There is no doubt that when you ask someone to run with and without shoes, their running gait changes. This simple observation, coupled with the ‘primal’ movement now fashionable in the exercise industry, has led many people to argue that running barefoot is natural, more efficient, and reduces injury.
Clearly, barefoot running is natural (in the sense that we all come into this world naked) and there is good science to support the view that heavier footwear increases the energy cost of running. It is also true to say that your running gait, when analysed, is different with and without shoes. Wearing shoes, a runner tends to land more towards the rear foot and heel, while efficient barefoot runners tend to land more laterally and towards the ball of the foot as they attempt to minimise impact. The original studies that supported these observations and arguably launched the barefoot craze are published here www.barefootrunning.fas.harvard.edu
It is something of a huge leap of faith to go from these observations to the claim that barefoot running is ‘safer’ and there is currently no evidence to support this contention. Indeed, even the Vibram Fivefingers® website is only prepared to say that barefoot and minimalist footwear running ‘may’ result in reduced injury risk. It also makes strong recommendations regarding how you should gradually accustom yourself to not wearing traditional footwear for exercise activities, particularly if you have flat feet and/or already use orthotics for gait correction.
Equally, there is also no evidence to support the idea that the more expensive the (traditional) shoe, and the more ‘technology’ it has, the lower your injury risk when running. There are many injury risk factors during exercise; impact and running gait represent just two of these, and wearing a certain type of shoe may or may not make any difference.
If you are prepared to look as critically as possible at the published research literature regarding barefoot, minimalist and traditional footwear and running, you would probably arrive at the following conclusions:
- Reducing your running injury risk is not just about wearing a shoe that is well-cushioned and controls pronation/supination (rotation down towards the floor/upward away from the floor) since there are both extrinsic (e.g., training errors) and intrinsic (how you are ‘put together’) risk factors that determine your overall injury risk.
- It is not known whether (on their own) expensive running shoes either prevent injuries or increase the risk of injuries.
- The best shoe for you is likely to be one that is based upon your gait/biomechanics, training programme and injury history. It is most unlikely that it will need to be the most expensive.
- There are possible advantages to going barefoot (e.g., improved ‘natural’ shock absorption, decreased oxygen cost of running) but these are probably offset by the high probability of puncture wounds and abrasions.
- Moving from a shoe with a sole and heel to running barefoot requires adaptation other than a thickening and hardening of the skin: the Achilles tendon must also adapt to the revised heel position and the general musculature of the foot must also improve its overall strength and endurance. (NB: this is especially important if you wear high heels all day on most days of the week).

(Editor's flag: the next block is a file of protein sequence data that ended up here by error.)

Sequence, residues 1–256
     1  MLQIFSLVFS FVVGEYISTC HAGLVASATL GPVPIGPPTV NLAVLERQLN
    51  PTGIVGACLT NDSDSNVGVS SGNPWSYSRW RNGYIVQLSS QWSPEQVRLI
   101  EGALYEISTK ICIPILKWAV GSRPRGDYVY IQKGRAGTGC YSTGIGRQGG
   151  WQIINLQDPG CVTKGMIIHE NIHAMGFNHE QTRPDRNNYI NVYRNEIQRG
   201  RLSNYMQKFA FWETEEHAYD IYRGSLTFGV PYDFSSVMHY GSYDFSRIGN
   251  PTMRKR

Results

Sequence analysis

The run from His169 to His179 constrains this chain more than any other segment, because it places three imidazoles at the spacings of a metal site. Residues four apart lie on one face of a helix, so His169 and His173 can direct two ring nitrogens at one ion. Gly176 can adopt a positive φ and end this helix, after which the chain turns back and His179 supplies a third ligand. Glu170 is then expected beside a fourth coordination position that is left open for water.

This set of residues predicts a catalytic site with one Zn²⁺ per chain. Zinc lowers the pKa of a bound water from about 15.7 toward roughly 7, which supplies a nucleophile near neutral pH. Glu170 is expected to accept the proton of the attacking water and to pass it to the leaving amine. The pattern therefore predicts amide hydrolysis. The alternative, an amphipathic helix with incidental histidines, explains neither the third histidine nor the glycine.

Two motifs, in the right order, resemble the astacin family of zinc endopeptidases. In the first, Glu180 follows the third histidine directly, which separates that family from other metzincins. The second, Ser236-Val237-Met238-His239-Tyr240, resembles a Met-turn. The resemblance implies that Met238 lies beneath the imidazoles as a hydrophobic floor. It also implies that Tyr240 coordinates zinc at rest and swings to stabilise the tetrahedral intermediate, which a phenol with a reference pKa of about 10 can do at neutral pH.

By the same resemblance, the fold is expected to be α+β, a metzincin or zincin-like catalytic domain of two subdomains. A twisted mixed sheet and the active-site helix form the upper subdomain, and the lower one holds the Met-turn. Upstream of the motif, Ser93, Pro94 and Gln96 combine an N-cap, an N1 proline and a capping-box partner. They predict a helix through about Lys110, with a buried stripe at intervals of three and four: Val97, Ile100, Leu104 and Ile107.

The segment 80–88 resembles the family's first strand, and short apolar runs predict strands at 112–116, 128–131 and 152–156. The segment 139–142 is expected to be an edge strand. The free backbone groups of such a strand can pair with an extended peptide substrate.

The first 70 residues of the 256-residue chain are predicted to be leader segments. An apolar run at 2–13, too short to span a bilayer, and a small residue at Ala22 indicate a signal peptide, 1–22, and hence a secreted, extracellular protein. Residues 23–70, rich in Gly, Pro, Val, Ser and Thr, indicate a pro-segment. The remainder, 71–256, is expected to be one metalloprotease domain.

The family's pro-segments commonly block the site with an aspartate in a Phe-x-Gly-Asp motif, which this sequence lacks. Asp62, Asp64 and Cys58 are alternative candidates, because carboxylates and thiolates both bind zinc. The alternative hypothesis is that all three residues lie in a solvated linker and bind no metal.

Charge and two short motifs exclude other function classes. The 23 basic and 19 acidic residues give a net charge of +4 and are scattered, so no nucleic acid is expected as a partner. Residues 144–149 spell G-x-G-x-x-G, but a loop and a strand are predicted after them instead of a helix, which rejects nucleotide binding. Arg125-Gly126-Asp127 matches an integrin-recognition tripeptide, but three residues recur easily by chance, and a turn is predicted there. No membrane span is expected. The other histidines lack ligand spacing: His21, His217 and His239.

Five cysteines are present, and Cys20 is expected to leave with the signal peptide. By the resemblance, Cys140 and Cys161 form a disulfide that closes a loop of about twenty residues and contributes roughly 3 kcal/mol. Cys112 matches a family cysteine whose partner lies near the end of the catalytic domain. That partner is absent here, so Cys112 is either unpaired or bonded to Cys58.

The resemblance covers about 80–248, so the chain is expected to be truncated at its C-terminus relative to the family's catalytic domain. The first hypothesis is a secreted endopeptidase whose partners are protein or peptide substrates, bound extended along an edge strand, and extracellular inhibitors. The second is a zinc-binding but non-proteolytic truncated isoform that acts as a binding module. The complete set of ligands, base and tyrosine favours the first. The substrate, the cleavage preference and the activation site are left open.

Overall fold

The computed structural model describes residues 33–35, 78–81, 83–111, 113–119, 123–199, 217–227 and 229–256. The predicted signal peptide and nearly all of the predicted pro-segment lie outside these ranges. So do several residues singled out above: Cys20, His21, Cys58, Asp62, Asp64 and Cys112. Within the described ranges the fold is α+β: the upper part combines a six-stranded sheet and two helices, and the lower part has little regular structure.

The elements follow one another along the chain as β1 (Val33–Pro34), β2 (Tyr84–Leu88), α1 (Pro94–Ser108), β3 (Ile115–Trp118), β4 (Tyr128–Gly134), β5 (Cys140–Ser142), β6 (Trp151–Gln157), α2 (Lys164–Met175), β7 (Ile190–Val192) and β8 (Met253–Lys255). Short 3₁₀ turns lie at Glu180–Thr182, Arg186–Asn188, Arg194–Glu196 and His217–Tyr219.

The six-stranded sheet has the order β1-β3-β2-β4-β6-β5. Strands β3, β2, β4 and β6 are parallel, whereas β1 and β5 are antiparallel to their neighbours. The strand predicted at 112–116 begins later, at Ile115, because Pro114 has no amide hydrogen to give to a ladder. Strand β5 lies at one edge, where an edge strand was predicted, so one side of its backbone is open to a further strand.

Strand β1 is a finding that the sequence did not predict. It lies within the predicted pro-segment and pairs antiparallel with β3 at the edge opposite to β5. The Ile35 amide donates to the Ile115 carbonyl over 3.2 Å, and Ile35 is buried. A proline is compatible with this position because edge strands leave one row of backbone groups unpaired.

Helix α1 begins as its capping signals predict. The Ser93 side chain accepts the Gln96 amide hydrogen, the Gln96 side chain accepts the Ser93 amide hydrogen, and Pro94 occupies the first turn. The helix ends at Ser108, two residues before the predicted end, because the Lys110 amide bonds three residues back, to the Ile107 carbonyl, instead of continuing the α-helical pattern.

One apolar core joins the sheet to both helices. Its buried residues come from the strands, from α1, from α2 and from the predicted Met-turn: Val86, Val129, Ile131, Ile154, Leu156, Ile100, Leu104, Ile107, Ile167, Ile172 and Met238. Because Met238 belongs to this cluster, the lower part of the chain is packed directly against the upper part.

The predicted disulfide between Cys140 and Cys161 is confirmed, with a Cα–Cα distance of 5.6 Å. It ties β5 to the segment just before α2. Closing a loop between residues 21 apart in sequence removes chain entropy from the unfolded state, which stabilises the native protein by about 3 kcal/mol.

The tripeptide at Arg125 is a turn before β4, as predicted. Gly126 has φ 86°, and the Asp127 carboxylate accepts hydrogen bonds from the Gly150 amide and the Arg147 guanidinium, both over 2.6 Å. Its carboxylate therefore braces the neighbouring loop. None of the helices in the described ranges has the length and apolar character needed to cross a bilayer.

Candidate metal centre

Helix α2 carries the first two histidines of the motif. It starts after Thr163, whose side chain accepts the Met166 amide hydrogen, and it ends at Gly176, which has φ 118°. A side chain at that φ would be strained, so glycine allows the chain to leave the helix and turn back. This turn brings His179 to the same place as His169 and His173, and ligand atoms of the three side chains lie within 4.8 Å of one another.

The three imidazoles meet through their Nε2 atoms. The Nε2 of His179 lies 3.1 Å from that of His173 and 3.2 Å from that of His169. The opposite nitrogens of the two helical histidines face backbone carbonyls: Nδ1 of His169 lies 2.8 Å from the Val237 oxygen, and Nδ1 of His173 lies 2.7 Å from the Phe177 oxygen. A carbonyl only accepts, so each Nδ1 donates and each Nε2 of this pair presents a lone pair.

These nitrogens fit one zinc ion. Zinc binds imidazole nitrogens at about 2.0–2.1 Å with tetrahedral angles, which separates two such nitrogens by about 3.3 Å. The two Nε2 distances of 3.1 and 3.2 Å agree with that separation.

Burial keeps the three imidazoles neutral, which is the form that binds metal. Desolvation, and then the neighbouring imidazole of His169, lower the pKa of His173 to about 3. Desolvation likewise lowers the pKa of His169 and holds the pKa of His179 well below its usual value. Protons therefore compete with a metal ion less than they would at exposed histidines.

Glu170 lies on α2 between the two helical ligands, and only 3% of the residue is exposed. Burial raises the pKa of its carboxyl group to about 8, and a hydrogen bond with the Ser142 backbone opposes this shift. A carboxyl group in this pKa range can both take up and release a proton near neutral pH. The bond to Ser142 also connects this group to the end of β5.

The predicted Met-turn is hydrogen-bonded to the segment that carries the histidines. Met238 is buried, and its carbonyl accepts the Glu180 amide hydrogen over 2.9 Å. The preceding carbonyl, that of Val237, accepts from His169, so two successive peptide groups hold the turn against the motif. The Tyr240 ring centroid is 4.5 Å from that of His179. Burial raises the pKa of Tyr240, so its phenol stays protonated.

- The early man/‘it’s natural’ argument is flawed. Early hominids were light, continuously active and grew up becoming habituated to wearing nothing on their feet, gradually acquiring their barefoot running gait over years; not over a couple of training sessions.
- Footwear that provides protection but allows the foot to function as when going barefoot may be an option for those with good running mechanics, who are not particularly overweight and who are prepared to spend time adapting their training to this type of shoe (NB: this is not too dissimilar to a track runner who chooses to progress to racing spikes via a ‘racing flat’ (a shoe that typically has less cushioning, less motion control and often a much lower heel than a road running shoe).
- Barefoot running is a skill that needs to be learned and practised. Just as there is no single perfect running technique with shoes, there is no single perfect technique without.
Finally, it’s somewhat ironic that competing manufacturers of minimalist footwear are now stressing the many technologies that their products offer rather in the manner of traditional running shoe salesmen, possibly to justify their high cost. If you really do believe in natural, primal simplicity, shouldn’t you be asking Ray Mears how to make some footwear out of birch bark? Or if your minimalist footwear really isn’t just a fashion statement, why not buy some old-style plimsolls for £10?
- Noakes T (2001), The Lore of Running (4th Edition), Human Kinetics, in particular: How to choose appropriate running shoes, pp 264-273; and Staying injury free, pp 739-837.
- Bramble DM and Libermann DE (2004), Endurance running and the evolution of homo, Nature, November, pp 432.
- Park RJ (1992), Human energy expenditure from Australopithecus Afarensis to the 4-minute mile: exemplars and case studies, Ex. Sport Sci Rev, 20:185-220.
- Donatelli RA (1996), The Biomechanics of the Foot and Ankle (2nd Edition), FA Davis.
- Brukner P and Khan K (1994), Normal biomechanics of running in Clinical Sports Medicine, McGraw Hill, pp 46-60.
- Lycholat T (2003), Preventing running injuries (part I), Fitness Network, June/July, pp 26-28.
- Lycholat T (2003), Preventing running injuries (part II), Fitness Network, August/September, pp 26-28.
Click here to read Paul Mumford’s barefoot review.
Tony Lycholat is a coach, coach educator and high performance scientist, with degrees in sport science and sports medicine. He has worked with Olympic and elite professional sportsmen and women for over 25 years, and has been the technical editor at FitPro since 1993.